Originally published 08/22/2013
Michael K. Honey
Racism and poverty are still endemic in America.
Originally published 03/05/2013
WARSAW, Poland — Nearby the big city rumbles, but one feels almost transported to a quiet forest village when standing amid a colony of Finnish wooden houses in Warsaw’s government district.The homes, erected as temporary housing in the destroyed capital just after World War II, have dwindled over the years from 90 to about 25. Now the surviving structures have become a point of contention between their inhabitants and a city government keen on tearing them down to make way for new developments.It’s a story being played out in various ways in Warsaw these days, as the Polish capital undergoes a building boom that makes new constructions lucrative for developers and attractive to city officials eager to put their mark on the city. But such change often comes at the cost of old buildings of historical or sentimental value to others....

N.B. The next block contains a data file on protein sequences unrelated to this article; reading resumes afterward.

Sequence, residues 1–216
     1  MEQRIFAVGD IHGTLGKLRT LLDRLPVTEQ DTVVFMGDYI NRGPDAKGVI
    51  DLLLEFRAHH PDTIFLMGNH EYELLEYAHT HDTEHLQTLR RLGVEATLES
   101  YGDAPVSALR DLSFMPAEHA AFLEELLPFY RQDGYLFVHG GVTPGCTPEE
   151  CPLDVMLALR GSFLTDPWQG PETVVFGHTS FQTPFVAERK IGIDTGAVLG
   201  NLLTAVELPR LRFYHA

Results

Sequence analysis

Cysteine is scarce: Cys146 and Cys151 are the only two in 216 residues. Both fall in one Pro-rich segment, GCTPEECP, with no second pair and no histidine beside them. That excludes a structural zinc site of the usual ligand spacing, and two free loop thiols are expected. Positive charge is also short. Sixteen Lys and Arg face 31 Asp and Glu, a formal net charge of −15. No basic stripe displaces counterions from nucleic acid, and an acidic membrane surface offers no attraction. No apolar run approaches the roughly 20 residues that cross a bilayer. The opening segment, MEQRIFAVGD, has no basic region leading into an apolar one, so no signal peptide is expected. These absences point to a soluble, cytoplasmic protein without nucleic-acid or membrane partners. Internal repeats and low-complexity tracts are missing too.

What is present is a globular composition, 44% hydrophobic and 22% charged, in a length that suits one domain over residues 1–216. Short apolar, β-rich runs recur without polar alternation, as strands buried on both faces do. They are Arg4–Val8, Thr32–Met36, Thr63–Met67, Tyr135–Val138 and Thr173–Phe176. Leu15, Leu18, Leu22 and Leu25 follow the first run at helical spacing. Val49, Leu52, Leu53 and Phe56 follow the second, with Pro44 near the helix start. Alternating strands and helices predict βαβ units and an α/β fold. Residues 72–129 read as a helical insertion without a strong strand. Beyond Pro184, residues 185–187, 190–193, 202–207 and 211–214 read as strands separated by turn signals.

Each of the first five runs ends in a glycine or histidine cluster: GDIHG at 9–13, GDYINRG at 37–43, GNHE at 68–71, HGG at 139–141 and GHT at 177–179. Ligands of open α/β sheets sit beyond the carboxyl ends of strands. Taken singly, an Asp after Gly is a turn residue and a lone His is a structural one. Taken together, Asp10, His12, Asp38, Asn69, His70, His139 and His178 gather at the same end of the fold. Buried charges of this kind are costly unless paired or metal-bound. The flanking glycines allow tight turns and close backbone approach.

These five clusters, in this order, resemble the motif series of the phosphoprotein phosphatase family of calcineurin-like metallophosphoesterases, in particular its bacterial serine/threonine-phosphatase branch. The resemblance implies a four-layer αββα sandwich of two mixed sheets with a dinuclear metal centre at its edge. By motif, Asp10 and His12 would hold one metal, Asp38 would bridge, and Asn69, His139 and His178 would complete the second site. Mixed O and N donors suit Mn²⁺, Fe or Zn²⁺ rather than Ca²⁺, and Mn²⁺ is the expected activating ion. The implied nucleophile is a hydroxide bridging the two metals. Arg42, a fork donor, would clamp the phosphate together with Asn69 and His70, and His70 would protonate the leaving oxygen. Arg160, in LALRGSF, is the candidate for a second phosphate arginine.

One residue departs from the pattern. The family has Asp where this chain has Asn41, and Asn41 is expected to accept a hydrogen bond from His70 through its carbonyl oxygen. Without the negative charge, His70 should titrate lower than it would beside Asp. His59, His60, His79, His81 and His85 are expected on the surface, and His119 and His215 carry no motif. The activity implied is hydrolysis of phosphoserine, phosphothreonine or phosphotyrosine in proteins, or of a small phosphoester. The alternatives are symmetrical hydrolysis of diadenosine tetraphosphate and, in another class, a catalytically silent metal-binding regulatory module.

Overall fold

- How do you memorialize fallen in a war without end?
- NYT begins new series depicting lives of people on the front lives of the civil rights movement
- "Game of Thrones" creators sell show to HBO that imagines a world in which the Confederacy won
- North Korean travel ban marks return to Cold War-era restrictions on U.S. citizens abroad
- Can the President Be Indicted?
- When did higher education become partisan?
- One reason H.R. McMaster and Trump don't have a close relationship
- Rick Perlstein joins criticism of Nancy MacLean's "Democracy in Chains"
- Daniel Pipes says it’s time for the Palestinians to recognize they lost
- Wm. Theodore de Bary, Renowned Columbia Sinologist, Dies at 97